People are protesting and calling for change because that's exactly what's happening; the police are killing people on the suspicion of a crime, and it disproportionately affects black people. The killings even involve people who have been innocent of crime like Atatiana Jefferson, Stephon Clarke, and Philando Castille (to name a few of the more high profile cases).

Yes, white people are also affected, but if anything that's a reason for us to support the current protests against police brutality, not go against it. BLM is a movement that rose up against police violence, and it focuses on black people because they're the ones most affected. But now I'm repeating myself, so please read my previous response. And herein lies the problem.


Kinda tagging on -

The fact that black people see these incidents as part of a pattern of systematic bias against them, while when it happens to white people it's usually seen as isolated bad apple cases and not something that is part of bias against them that needs correcting, tells a tale of it's own.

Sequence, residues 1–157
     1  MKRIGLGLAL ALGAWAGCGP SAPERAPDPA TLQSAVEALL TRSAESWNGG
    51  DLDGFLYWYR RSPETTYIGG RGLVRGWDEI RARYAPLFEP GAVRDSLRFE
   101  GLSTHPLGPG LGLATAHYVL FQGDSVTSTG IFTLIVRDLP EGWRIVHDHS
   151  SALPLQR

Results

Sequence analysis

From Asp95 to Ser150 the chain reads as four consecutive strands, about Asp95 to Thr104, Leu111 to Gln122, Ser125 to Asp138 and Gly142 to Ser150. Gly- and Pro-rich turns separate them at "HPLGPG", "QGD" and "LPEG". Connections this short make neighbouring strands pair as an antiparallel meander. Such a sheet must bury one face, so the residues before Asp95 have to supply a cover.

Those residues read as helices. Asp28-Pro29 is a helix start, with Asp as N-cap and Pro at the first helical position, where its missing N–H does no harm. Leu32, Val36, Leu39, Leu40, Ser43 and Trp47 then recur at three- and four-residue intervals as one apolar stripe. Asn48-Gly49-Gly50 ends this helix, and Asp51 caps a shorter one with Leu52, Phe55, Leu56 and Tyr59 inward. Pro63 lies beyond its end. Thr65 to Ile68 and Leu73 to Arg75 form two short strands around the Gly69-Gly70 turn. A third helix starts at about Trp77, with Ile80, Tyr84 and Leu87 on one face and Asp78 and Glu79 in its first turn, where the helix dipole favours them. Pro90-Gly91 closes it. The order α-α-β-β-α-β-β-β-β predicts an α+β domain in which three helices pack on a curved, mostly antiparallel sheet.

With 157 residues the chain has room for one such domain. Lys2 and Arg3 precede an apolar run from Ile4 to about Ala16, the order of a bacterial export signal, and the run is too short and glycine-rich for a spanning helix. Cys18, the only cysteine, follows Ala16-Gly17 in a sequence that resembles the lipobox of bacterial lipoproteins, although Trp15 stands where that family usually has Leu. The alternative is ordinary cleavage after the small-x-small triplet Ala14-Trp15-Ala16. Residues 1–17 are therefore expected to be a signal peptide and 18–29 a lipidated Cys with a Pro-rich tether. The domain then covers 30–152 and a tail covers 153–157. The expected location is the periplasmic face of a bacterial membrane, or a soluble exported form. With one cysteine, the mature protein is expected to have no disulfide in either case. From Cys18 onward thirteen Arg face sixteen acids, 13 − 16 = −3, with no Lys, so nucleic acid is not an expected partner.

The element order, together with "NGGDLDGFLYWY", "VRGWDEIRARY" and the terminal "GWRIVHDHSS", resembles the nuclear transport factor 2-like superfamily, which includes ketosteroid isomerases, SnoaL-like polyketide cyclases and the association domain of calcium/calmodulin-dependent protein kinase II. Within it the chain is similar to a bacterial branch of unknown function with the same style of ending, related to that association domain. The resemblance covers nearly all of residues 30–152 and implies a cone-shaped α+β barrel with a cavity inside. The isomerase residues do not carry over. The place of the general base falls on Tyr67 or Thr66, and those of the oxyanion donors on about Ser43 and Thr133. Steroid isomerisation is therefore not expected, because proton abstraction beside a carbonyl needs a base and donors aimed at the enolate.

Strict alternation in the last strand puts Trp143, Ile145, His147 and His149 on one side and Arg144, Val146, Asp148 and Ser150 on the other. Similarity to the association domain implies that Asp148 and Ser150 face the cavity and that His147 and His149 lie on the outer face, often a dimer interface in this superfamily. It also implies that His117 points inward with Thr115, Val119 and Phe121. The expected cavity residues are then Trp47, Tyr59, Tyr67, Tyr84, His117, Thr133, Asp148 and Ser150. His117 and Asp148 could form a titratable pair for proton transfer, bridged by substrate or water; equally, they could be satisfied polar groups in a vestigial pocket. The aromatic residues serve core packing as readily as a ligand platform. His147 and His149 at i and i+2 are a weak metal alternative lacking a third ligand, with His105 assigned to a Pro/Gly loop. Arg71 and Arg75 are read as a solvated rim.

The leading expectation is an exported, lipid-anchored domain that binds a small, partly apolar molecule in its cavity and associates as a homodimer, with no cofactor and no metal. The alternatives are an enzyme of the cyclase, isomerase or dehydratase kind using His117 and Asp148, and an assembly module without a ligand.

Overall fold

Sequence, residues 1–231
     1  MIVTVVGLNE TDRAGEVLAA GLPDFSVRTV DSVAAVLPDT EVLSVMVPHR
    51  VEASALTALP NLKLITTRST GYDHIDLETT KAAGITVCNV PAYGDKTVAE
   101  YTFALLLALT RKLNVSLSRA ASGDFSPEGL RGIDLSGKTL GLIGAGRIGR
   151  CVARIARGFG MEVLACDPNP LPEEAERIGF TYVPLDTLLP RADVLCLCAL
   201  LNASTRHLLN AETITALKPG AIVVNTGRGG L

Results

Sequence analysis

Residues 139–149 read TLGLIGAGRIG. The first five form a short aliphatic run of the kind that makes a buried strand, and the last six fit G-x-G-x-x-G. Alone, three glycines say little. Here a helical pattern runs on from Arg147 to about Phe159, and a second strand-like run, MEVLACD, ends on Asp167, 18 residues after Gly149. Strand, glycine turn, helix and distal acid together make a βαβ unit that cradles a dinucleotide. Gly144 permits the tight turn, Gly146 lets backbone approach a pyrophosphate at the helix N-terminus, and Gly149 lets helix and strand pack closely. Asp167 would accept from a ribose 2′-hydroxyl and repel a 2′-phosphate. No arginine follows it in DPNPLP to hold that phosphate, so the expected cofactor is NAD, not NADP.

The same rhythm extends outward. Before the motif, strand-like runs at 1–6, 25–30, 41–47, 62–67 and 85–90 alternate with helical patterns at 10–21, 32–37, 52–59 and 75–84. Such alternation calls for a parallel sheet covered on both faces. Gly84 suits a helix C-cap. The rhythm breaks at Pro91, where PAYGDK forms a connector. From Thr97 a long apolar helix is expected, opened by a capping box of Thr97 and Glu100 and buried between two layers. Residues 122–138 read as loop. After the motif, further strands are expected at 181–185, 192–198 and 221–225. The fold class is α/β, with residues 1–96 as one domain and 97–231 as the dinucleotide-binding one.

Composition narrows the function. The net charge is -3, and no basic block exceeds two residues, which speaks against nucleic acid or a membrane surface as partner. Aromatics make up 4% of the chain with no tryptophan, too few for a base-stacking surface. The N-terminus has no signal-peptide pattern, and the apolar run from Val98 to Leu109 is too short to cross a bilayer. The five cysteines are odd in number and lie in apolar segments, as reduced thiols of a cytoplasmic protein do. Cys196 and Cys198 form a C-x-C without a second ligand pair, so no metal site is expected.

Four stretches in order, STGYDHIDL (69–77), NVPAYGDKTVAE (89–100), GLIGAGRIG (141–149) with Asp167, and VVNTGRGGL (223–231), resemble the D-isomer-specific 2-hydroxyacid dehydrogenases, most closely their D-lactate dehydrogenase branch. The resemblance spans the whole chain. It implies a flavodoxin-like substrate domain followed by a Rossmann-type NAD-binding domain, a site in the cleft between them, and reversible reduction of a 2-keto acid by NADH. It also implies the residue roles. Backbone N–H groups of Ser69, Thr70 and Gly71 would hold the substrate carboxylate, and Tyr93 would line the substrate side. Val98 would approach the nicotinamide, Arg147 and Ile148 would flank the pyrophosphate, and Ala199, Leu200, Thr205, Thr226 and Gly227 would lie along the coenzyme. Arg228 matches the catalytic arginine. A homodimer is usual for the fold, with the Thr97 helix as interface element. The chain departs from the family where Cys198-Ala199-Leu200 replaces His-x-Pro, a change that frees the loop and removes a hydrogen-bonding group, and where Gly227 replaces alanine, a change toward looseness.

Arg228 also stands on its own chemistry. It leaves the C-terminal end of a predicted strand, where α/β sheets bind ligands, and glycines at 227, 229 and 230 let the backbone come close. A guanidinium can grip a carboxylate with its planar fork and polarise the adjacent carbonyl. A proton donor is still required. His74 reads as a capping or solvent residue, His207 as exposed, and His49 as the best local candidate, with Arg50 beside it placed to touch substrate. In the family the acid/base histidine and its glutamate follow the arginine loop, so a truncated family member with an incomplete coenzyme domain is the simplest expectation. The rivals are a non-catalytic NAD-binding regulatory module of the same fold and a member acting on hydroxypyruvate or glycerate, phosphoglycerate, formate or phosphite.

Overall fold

This is the blog of Peat - http://peatlong.blogspot.co.uk/

Offline hexa


Offline Skip

Re: Politics and other ailments of the real world
« Reply #3606 on: June 27, 2020, 02:54:46 AM »
>As for black-on-black violence, yes, it's true that it's overrepresented in the statistics. There's a long history of contentious debate over that

If there's ongoing debate it's only because certain parties persist in misunderstanding the issue. Franz Fanon (in his book The Wretched of the Earth) spoke to this something like seventy years ago and his observations remain true. I hope recent events mark a turning point, but I'm skeptical.
Visit Altearth

Offline Magnus Hedén

  • High Lord of commas and Grand Master of semicolons
  • Ambient Mage
  • ****
  • Posts: 400
  • Total likes: 324
  • Gender: Male
  • My name is Magnus. I make stuff up.
    • View Profile
    • My Patreon
Re: Politics and other ailments of the real world
« Reply #3607 on: June 27, 2020, 08:04:02 AM »
I hope recent events mark a turning point, but I'm skeptical.

I don't think we'll see the sweeping, overnight systemic changes that people might be dreaming of. But I do think it will bring positive change in the long run.
You can find stories on my Patreon
I'm also on Twitter and the Book of Faces

Offline NedMarcus

Re: Politics and other ailments of the real world